The National  Memo Logo

Smart. Sharp. Funny. Fearless.

Monday, December 09, 2019 {{ new Date().getDay() }}

Washington (United States) (AFP) – U.S. Secretary of State John Kerry Thursday called for North Korea to release an 85-year-old pensioner and Korea War veteran who has been detained in the isolated country for more than three weeks.

Without mentioning Merrill Newman by name, Kerry told MSNBC television that his detention was one of many “disturbing choices by the North Koreans.”

Newman was on an organized tour to the North when he was detained on October 26.

“This is a misunderstanding. My father is a veteran, and wanted to see the country and culture he has been interested in for years,” his son Jeff told CNN.

Noting that Pyongyang has detained others as well, Kerry said: “This is obviously one of those moments where North Korea needs to figure out where it’s heading [and] recognize that the United States of America is not engaging in belligerent, threatening behavior.”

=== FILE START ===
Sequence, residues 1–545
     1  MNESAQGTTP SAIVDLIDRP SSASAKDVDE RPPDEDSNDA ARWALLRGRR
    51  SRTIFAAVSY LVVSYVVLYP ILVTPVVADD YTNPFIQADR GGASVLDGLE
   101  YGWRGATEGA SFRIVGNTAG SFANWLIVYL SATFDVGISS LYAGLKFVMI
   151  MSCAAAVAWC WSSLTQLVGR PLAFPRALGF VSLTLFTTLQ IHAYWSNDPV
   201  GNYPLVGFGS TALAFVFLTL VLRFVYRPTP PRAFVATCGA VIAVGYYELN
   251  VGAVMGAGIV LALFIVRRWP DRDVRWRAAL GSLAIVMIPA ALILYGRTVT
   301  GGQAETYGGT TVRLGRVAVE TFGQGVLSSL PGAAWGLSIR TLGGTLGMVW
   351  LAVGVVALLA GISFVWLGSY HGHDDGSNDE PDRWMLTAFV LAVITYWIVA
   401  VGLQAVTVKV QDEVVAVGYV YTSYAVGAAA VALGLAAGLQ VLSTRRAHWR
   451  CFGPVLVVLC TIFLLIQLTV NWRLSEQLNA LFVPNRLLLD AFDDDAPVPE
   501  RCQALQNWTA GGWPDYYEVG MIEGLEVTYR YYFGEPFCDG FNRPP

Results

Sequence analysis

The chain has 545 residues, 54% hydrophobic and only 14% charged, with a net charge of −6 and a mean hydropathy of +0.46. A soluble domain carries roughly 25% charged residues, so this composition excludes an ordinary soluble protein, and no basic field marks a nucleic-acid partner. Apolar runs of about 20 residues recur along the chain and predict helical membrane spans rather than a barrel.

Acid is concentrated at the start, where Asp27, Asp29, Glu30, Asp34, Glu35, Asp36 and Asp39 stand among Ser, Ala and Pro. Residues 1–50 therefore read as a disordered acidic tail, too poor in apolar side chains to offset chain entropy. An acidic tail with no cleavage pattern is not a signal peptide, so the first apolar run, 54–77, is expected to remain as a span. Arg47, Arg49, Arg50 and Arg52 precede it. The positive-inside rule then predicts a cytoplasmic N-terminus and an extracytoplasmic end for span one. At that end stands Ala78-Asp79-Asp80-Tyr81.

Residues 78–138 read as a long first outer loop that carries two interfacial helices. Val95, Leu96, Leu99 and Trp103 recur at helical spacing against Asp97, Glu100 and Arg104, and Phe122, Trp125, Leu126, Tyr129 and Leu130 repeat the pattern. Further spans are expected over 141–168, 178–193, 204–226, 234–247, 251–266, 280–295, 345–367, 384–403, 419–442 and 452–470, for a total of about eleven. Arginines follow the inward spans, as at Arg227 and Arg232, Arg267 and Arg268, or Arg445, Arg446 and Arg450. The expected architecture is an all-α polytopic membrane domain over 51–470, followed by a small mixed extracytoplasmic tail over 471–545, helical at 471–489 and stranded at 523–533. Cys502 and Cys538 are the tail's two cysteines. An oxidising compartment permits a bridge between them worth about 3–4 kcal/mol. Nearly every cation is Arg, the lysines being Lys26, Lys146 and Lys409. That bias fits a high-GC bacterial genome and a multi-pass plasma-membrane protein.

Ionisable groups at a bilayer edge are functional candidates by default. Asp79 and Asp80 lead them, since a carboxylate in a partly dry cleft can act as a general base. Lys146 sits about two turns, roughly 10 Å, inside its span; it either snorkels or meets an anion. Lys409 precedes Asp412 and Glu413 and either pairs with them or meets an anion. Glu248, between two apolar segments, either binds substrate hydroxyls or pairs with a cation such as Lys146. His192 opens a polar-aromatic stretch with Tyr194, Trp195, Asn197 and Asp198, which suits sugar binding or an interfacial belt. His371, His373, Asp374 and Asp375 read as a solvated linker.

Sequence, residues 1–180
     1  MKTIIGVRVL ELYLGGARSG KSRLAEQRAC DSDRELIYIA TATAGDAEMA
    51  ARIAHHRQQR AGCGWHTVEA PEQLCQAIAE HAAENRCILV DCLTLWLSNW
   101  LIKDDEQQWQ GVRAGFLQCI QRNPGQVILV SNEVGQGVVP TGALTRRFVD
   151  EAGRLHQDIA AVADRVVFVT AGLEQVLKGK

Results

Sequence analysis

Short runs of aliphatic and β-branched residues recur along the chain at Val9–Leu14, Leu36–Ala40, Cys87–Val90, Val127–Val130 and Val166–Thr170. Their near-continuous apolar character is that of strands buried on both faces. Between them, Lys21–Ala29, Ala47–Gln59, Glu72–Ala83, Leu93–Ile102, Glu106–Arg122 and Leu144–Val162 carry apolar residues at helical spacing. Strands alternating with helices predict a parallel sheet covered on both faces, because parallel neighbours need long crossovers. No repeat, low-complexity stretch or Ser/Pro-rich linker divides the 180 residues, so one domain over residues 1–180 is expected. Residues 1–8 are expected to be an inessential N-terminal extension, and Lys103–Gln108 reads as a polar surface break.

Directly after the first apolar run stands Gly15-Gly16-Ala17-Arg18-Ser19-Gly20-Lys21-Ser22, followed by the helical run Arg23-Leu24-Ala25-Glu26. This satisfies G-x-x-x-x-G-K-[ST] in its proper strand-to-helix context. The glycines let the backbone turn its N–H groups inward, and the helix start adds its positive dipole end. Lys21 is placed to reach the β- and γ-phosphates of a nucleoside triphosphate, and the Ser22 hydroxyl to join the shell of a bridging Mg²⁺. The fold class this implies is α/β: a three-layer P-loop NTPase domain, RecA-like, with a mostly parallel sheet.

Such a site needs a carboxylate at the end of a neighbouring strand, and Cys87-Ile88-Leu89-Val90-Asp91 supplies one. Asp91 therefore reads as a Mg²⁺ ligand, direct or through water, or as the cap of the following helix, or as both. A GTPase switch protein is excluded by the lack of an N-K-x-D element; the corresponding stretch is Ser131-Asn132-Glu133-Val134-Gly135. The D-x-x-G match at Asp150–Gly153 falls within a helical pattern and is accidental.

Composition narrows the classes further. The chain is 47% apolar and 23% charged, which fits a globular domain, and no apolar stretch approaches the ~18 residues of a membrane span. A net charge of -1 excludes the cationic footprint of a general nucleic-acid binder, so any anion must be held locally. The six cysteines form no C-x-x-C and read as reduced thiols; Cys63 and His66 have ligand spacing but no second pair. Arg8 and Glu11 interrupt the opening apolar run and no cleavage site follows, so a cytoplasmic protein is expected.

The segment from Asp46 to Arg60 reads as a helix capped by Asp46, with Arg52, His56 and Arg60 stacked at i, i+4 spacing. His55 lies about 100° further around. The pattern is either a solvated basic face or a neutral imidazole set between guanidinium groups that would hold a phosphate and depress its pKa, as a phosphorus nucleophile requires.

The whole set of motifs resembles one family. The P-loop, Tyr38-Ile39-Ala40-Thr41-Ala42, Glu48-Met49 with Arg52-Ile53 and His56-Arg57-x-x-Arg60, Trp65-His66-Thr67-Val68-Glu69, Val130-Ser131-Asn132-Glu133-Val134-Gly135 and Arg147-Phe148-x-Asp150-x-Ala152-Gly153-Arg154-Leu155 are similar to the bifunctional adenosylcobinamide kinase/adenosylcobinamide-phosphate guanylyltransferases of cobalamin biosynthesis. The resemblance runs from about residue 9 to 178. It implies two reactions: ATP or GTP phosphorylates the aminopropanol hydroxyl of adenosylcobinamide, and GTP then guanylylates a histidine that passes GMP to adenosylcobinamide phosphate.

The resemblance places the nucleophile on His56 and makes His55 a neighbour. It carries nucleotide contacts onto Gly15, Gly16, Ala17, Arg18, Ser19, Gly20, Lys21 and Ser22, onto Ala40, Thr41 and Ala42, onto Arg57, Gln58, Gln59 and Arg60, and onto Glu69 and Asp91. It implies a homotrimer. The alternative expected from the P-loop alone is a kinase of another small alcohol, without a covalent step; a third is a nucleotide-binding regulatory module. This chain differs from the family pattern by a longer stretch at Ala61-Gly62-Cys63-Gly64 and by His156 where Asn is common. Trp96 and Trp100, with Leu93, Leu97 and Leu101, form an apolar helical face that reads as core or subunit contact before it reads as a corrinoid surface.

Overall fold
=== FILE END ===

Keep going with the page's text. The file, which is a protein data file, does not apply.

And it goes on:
He added that Chinese authorities, which have close ties to Pyongyang, were being “helpful” in Newman’s case.

The elder Newman, who usually lives in a California retirement home, “arranged this with a travel agent that was recommended and said was approved by the North Korean government for travel of foreigners,” his son insisted on CNN. “He had all the proper visas.”

This week the State Department renewed its warnings to all American citizens not to travel to North Korea, saying that such trips are “not routine” and “U.S. citizens crossing into North Korea, even accidentally, have been subject to arbitrary arrest and long-term detention.”

Start your day with National Memo Newsletter

Know first.

The opinions that matter. Delivered to your inbox every morning

House Minority Leader Kevin McCarthy, left, and former President Donald Trump.

Photo by Kevin McCarthy (Public domain)

In the professional stratum of politics, few verities are treated with more reverence than the outcome of next year's midterm, when the Republican Party is deemed certain to recapture majorities in the House and Senate. With weary wisdom, any pol or pundit will cite the long string of elections that buttress this prediction.

Political history also tells us that many factors can influence an electoral result, including a national crisis or a change in economic conditions — in other words, things can change and even midterm elections are not entirely foretold. There have been a few exceptions to this rule, too.

Keep reading... Show less
x

Close